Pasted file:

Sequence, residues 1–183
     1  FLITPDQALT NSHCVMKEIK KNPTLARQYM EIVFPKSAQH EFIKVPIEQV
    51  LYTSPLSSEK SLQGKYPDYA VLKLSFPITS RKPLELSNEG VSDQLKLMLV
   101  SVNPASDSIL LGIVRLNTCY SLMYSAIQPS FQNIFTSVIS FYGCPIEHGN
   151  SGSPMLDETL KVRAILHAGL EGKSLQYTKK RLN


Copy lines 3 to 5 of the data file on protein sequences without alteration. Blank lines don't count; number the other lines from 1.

    51  LYTSPLSSEK SLQGKYPDYA VLKLSFPITS RKPLELSNEG VSDQLKLMLV
   101  SVNPASDSIL LGIVRLNTCY SLMYSAIQPS FQNIFTSVIS FYGCPIEHGN
   151  SGSPMLDETL KVRAILHAGL EGKSLQYTKK RLN